Jan 312013
CNR maintenance shed

Back in the fall of 1997 we were passing through the area and so paid a brief visit to Nordegg Alberta with intentions to explore the old CNR rail line located nearby. Fast forward a few years to 2001 and we are in the area again and have a bit of time to kill and so we decide to retrace out steps to see what has changed. It’s such a fascinating place and I hate that we did not have more time to explore it but I am hoping to devote it some time in the future.

We start at the site of the old rail yard and train station. On our first visit there were still some tracks here, extending west for less than a kilometre (just past a large trestle). Beyond that the rail bed was (is) bare and converted into a trail used by quads in the summer and snowmobiles in the winter. On this second pass the tracks have been cut back further west a few hundred metres compared to last time, for reasons unknown to us.

Starting our short trek we follow the old railway grade until we come to the fenced-in tipple (an historic site you can visit). Along the way we pass over a small trestle which has shifted badly. It appear to me that since our visit in 1997 it has moved considerably. The structure appeared solid as I recall and the shifting may be caused by ground heaves. The current end of track is on the east side of this structure.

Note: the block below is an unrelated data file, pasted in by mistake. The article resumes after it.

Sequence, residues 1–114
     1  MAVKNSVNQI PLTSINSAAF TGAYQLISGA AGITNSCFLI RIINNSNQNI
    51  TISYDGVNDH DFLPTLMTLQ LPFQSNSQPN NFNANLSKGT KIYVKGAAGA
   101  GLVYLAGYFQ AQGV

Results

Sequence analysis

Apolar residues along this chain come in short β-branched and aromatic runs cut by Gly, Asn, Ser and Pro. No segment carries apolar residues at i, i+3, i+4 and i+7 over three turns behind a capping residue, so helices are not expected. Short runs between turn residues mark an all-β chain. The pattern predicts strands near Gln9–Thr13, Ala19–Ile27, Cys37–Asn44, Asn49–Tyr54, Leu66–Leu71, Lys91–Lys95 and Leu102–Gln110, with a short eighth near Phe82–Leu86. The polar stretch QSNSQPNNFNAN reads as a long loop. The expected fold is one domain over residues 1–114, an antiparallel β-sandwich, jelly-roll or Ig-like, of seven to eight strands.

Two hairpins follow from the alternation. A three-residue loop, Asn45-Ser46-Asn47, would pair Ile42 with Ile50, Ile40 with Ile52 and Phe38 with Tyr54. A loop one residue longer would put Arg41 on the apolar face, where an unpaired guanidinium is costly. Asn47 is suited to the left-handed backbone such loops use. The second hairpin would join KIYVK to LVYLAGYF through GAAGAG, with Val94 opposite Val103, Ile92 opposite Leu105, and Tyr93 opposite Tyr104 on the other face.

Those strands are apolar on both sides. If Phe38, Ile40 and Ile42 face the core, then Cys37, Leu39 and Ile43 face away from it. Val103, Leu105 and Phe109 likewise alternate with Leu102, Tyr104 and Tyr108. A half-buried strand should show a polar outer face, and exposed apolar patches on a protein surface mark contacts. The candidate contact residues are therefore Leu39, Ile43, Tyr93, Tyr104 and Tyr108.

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Just past the bridge is a second small yard, this one completely intact with all the tracks and even the switch stands still in place. As well there are some old buildings and such, including the remains of an old rail car. Specifically it’s called s a flanger and while it looks much like a caboose it’s not. Instead it is used to clean the track and it has some small plows and blades that scrape the area right on either side of the rail. This cleans out packed-in snow and ice, either of which could derail a train.